October 5, 1987

Decision and Order


Marilyn Lyng O'Connell, Esq., Counsel for Petitioner State Ethics Commission

Gerard Mackin,Jr., Esq., Counsel for Respondent James Geary

Commissioners: Diver, Ch., Basile, Burns, Epps, Gargiulo

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I. Procedural History

The Petitioner initiated these adjudicatory proceedings on February 23, 1987 by filing an Order to Show Cause pursuant to the Commission's Rules of Practice and Procedure, 930 CMR 1.01(5)(a). The Order alleged that the Respondent, James Geary, a member of the Avon Board of Selectman, violated G.L. c. 268A, s.19 by voting as a selectman on his brother's appointment as acting police chief and permanent police chief, and by signing the police chiefs three-year contract.

Respondent filed an Answer on March 10,1987 in which he agreed to the factual allegations in the Order to Show Cause but denied any violation of the statute. The parties have also submitted additional stipulated facts and documents.

An adjudicatory hearing was held on July 30,1987 before Commissioner Joseph Basile, Jr., a duly designated presiding officer. See G.L. c. 268B, s.4(e). The parties thereafter filed post-hearing briefs and presented oral argument before the Commission on September 16, 1987. In rendering the Decision and Order, the Commission has considered the testimony, evidence and arguments of the parties.


II. Findings of Fact

1. Mr. Geary is an elected member of the Avon Board of Selectmen, and was a selectman at all times relevant to the Order to Show Cause.

2. Mr. Geary's brother, Robert Geary, has worked for the Avon Police Department since 1961. From 1961 to 1971 he was a patrolman; from 1971 to 1985 he was a sergeant; by April, 1985, he was the most senior officer in the department.

3. On April 18, 1985, the Board of Selectmen appointed Robert Geary acting police chief of the Avon Police Department. The former police chief had recently retired, and Robert Geary was the only applicant for the position. Mr. Geary was present and voted in favor of the appointment, on a unanimous (3-0) voice vote, on a motion made and seconded by the other two selectmen.

4. On August 29,1985, the Board of Selectmen unanimously appointed Robert Geary permanent police chief for a three year period. Mr. Geary was present and voted in favor of the appointment, following a motion made and seconded by the other two selectmen.

5. On August 29,1985, Mr. Geary, as a selectman, signed a three-year police chiefs contract between the town and Robert Geary.

6. On April 7,1983, Respondent received a letter from A. Stanley Littlefield, Town Counsel, advising him that he is "prohibited from participating in a vote on any issue in which his brother has a financial interest, i.e., salary or other compensation.

7. A. Stanley Littlefield was present at the April 18, 1985 meeting of the Board of Selectmen. The minutes of the August 29,1985 meeting of the Board of Selectmen do not indicate whether Mr. Littlefield was present.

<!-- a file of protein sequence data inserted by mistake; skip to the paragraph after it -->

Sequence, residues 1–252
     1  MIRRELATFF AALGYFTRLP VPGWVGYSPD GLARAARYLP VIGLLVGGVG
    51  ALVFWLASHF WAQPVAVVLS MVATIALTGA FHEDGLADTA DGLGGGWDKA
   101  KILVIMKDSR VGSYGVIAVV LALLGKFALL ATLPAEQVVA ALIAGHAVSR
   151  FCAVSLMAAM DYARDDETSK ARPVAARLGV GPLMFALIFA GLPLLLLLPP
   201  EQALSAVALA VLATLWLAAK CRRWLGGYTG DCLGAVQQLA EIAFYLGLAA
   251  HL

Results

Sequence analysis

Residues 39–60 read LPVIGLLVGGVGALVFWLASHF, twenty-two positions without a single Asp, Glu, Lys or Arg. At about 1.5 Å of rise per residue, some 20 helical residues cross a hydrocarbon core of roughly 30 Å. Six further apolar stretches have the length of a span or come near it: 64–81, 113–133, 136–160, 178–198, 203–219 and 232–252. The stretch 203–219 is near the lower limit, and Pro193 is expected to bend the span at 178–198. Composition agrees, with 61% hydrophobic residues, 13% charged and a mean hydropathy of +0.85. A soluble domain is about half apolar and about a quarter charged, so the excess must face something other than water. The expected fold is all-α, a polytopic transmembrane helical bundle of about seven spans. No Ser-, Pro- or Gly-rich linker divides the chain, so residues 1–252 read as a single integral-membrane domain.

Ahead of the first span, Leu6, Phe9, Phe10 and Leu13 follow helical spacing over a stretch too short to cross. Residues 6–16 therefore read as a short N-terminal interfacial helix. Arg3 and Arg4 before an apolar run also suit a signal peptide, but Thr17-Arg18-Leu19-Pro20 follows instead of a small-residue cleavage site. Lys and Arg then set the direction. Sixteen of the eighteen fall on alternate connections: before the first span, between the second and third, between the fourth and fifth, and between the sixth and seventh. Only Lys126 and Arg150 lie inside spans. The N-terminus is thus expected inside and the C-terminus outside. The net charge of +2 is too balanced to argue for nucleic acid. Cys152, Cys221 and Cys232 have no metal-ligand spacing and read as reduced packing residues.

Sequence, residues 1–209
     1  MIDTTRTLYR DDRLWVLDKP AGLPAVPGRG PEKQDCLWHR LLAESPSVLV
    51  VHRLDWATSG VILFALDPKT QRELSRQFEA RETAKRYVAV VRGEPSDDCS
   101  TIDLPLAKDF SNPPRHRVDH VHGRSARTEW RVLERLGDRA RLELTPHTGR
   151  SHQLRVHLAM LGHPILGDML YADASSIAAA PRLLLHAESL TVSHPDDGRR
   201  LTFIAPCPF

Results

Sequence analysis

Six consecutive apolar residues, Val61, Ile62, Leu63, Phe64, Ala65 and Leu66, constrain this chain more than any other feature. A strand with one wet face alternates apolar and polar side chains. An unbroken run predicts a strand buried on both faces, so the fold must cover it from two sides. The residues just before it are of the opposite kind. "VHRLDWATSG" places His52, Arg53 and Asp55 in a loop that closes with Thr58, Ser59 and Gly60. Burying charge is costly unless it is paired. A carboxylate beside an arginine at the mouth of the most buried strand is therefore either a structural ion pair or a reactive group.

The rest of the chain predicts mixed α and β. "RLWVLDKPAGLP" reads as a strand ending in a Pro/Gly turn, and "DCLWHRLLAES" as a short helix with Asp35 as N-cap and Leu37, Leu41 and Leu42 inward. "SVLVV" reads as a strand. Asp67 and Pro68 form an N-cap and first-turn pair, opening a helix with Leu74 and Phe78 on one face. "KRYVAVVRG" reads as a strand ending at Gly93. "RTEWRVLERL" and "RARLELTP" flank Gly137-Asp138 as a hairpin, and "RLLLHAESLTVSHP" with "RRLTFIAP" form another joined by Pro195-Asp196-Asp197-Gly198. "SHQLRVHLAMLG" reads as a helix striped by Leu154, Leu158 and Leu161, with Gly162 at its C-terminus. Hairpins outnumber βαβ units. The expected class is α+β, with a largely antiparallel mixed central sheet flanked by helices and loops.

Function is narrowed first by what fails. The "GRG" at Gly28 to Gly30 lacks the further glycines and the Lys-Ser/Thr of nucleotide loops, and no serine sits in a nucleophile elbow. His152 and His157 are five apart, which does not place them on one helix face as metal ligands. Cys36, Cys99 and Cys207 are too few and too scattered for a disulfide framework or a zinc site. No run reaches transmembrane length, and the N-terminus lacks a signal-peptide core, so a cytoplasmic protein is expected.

III. Decision

For the reasons stated below, the Commission concludes that the Respondent violated G.L. c. 268A, s.19 by participating in particular matters in which his brother had a financial interest.

Section 19 of G.L. c. 268A prohibits a municipal employee from participating as such an employee in a particular matter in which, to his knowledge, he or his immediate family has a financial interest. As an Avon Selectman, Mr. Geary is a municipal employee as that term is defined in G.L. c. 268A, s.1(q), and his brother
is a member of his immediate family. G.L. c. 268A, s.1(e). Decisions to appoint a family member to a position and to execute a contract of employment for a term are particular matters.[1] A family member has an obvious financial interest in the decisions resulting in his appointment under contract to a paid appointive
position. See, e.g., In the Matter of Rita Walsh-Tomasini, 1984 Ethics Commission 207; In the Matter of George Ripley, 1986 Ethics Commission 307; {Commission Advisory No. 11} (Nepotism).

Respondent's attorney conceded at the July 30,1987 hearing that Mr. Geary had committed "a technical violation" of s.19. In his post-hearing brief and in oral argument, he argues that Mr. Geary's participation in unanimous votes was not substantial participation as that term is defined in G.L. c. 268A, s.1(j).[2] While we
recognize that Mr. Geary's votes were not determinative of the outcome in either instance, nor was his signing of the contract, his voting and decisions regarding his brother's promotions nonetheless constituted substantial participation. As the Commission stated in Advisory No.11:

An official need not be the sole decision-maker to be prohibited from participating in the hiring decision. For example, an official cannot as one member of a board, vote to hire his family member regardless of the size of the board. Nor would it matter that there was little, if any, controversy among the board members regarding the decision. A person can no more participate in making a vote of a 15 member board unanimous by casting the 15th vote than one can cast the deciding vote in eight to seven vote.

({Commission Advisory No. 11}, p. 3.)

By voting for his brother's appointment and signing his brother's contract, Mr. Geary's participation was "more than a casual or incidental encounter" but involved a "decision-making" role. Buss, The Massa-